October 15, 2009

Global Market Comments
October 15, 2009
Featured Trades: (WHEAT), (WZ09), (HELEN THOMAS), (TROLL DOLLS)

 

1) I bet I’m the only guy you know whose wedding was filmed by the KGB. My friend, the TASS correspondent,  shot 8mm film of the entire assembled foreign press at the event at The Foreign Correspondents Club of Japan in the seventies, no doubt for their files in Moscow. No wonder they lost the cold war. We’ve stayed in touch through the years, through the collapse of the Soviet Union and the many wars, revolutions, booms, and busts that followed. He now advises a Russian hedge fund. What else? He called me the other day to tell me I was right on track with my recommendation to buy wheat (WZ09), because the Ukrainian grain crop had just come in 12% lower than last year. Poor weather had caused yields to plummet, and this would no doubt be good news not only for wheat, but corn and soybeans as well. The country was once known as the bread basket of Europe, which was one of the reasons why it was invaded by Napoleon in 1812 and the Germans in 1942. They still have a sizeable impact on global prices. I have also gotten an assist from my trading partner is the Midwest, one Jack Frost, whose early arrival has analysts slashing forecasts of grain crops here, leading to a 18% pop in price in the last week to $5.18/bushel. It’s even getting nippy hear in Fog City, where the roses in my front yard have commenced an early die off.  I’ve noticed over the decades that when do the hard research and get your fundamental call right, all of the accidents and surprises tend to happen in your favor. That seems to be happening here.

wheat10.png picture by madhedge


wheat2-4.jpg picture by madhedge

 

2) One of the joys of having small children is that you get to know the guy at the local plumbing supply shop really well. It’s amazing what will fit down a toilet these days. He once told me that when Troll Dolls hit the market, every plumber in the country was guaranteed a job for life. When I went there yesterday I thought I’d pick up some leading economic indicators as well. After a deadly year, business is picking up a bit. Sure, it is still down a third from two years ago, but there is a definite improvement going on. The Eureka moment! His comments confirm the sort of ‘L’ or ‘square root’ shaped recovery I have been expecting. We aren’t going to zero anymore, but it is not exactly off to the races either. Throughout the nineties, a salesman at Circuit City (RIP) walked me through every generation of technology, and he was worth his weight in gold. All I had to do was buy a new TV from him every year, and they kept getting bigger and more expensive. I bought the second high definition TV sold in California, after George Lucas, who I used to run into at the local IHOP. Sometimes figuring out the direction of the economy is as simple as going down to the local butcher, baker, or candlestick maker and asking. They are on the front lines of economic activity, and they will see any changes months before those of us glued to computer screens. Asking George Lucas also helps.

trolldoll-1.jpg picture by madhedge

 

butcherbaker-1.jpg picture by madhedge

 

3) I managed to catch up with my former white House Press Corp colleague, Helen Thomas, when her national book tour swung through San Francisco. At 89, Helen is the oldest and longest serving member of this esteemed group of journalists, and has the traditional right to ask the first question at each press conference. The native Kentuckian has covered every president since Kennedy, but has been observing the political scene since the Roosevelt era (Franklin, not Teddy). I knew her when I was a wet nosed apprentice writer during the Carter administration and she was a senior writer for the old United Press International. Helen hasn’t changed an iota, and is as feisty as ever. John F. Kennedy was her favorite president, a man of peace who knew war, who inspired people and launched the space program and the Peace Corp. Lyndon Johnson brought to life the most sweeping social programs since FDR’s New Deal, but saw his legacy shattered by the Vietnam War. She pitied Richard Nixon, who at the end felt the wrath of the nation fall upon his shoulders. Gerald Ford was a decent human being, too nice, really, for the job that was thrust upon him. Ronald Reagan was a master at managing the press. George W. Bush lied to the people about WMD’s in Iraq and hung the albatross of torture around America’s neck. He then sanitized the war for public consumption, and cowed the press into fearing being called unpatriotic and anti-American. Bush heard that Helen was murmuring that he was the worst president in US history, and broke with a century of precedent by conspicuously ignoring her seniority during his administration. Obama, who shares a birthday with Helen, lacks the courage to do the right thing and should stick to his guns. But all new presidents come in completely unaware of what they have signed up for and there is a tortuous learning process. Investigative reporting is gone forever because newspapers can’t afford it. Helen has seen public morals become more liberal for ourselves, but more strict for our public officials. I know there isn’t any real investment insight here, and I will probably get some angry e-mails from conservatives. But hey, when a piece of living history crosses your path, you grab on to her with both hands and shake her until the gems of insight she possesses fall loose. If Helen could only bottle and sell the energy she has at her age, she could make a fortune.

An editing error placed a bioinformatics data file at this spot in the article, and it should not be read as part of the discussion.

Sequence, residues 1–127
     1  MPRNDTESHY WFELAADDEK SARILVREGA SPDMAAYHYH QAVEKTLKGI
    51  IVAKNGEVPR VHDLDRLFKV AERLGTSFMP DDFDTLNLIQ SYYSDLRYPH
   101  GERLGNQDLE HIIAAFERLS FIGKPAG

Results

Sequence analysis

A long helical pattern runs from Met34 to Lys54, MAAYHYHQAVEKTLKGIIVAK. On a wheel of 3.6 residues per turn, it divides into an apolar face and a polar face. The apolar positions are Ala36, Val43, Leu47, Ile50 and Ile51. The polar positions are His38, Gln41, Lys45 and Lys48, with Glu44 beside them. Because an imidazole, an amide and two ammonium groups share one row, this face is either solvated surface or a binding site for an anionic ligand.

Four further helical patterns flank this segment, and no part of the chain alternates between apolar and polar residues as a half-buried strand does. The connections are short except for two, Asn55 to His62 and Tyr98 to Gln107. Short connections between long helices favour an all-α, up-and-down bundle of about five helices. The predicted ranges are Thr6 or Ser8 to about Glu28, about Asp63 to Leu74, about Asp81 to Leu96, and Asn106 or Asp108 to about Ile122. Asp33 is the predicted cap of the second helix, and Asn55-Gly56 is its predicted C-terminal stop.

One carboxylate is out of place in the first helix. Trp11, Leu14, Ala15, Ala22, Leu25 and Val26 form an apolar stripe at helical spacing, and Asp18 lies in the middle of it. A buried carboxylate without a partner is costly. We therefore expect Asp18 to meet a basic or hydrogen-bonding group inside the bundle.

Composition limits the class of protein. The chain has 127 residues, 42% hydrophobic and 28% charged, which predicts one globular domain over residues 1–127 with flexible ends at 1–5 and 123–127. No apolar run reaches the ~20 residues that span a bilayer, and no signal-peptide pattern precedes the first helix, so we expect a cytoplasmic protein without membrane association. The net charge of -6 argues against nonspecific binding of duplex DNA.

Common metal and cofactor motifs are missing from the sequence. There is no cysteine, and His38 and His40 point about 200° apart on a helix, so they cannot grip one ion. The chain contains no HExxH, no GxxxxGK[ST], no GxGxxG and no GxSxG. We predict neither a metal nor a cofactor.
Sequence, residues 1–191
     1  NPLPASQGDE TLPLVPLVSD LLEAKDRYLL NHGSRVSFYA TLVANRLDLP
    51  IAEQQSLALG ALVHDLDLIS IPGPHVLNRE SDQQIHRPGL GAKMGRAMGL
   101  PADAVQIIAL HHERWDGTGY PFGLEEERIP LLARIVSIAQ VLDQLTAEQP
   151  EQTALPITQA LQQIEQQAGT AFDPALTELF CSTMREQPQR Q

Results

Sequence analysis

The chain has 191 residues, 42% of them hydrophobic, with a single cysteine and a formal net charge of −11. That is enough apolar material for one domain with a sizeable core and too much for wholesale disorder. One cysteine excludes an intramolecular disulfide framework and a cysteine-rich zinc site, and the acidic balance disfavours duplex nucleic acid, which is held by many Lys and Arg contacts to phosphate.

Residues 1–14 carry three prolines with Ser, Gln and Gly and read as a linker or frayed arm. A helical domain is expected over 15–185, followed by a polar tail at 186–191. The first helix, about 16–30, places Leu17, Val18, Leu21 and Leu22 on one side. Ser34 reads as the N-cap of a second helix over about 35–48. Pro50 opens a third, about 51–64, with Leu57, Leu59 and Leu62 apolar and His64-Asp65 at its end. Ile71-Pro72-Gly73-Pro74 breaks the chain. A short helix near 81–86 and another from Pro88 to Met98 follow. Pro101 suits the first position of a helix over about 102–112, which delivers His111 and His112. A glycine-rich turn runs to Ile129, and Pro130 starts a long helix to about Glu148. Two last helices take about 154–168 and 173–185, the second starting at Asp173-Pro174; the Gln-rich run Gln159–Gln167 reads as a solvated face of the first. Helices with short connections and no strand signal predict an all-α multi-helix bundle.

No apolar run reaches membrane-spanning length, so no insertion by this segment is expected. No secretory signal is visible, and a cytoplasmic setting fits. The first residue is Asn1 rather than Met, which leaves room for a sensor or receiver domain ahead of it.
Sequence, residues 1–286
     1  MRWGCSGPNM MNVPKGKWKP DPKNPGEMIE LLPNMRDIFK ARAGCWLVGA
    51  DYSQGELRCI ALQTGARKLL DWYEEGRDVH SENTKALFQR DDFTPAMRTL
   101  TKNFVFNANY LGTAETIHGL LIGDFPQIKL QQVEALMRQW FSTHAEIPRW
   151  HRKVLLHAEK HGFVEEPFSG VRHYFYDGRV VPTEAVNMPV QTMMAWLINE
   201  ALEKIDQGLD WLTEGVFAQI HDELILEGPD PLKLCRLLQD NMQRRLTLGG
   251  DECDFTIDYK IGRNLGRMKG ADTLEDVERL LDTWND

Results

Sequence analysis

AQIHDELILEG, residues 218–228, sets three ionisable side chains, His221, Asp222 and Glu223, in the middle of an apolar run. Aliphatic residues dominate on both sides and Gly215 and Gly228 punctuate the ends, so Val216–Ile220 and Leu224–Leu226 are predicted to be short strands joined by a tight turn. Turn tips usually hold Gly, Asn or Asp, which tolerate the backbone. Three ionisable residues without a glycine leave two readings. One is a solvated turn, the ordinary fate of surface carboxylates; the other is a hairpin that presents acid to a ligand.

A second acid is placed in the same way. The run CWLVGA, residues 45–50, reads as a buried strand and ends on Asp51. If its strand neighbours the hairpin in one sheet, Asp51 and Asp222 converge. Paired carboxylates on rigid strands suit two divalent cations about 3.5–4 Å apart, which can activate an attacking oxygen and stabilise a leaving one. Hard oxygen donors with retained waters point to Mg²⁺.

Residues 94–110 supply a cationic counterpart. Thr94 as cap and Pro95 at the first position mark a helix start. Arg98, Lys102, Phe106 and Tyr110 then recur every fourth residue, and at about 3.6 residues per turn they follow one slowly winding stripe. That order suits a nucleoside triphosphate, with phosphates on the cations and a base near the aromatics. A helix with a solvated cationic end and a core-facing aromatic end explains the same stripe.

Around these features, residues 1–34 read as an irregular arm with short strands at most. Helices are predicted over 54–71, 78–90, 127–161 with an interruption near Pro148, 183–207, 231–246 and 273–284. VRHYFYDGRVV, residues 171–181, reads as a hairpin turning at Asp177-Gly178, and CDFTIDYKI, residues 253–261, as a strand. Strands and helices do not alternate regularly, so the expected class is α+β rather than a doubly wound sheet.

QUOTE OF THE DAY

‘Seek the truth, and let the chips fall where they may,’ Said Helen Thomas about her profession, adding ‘I’m a cynic with hope.’

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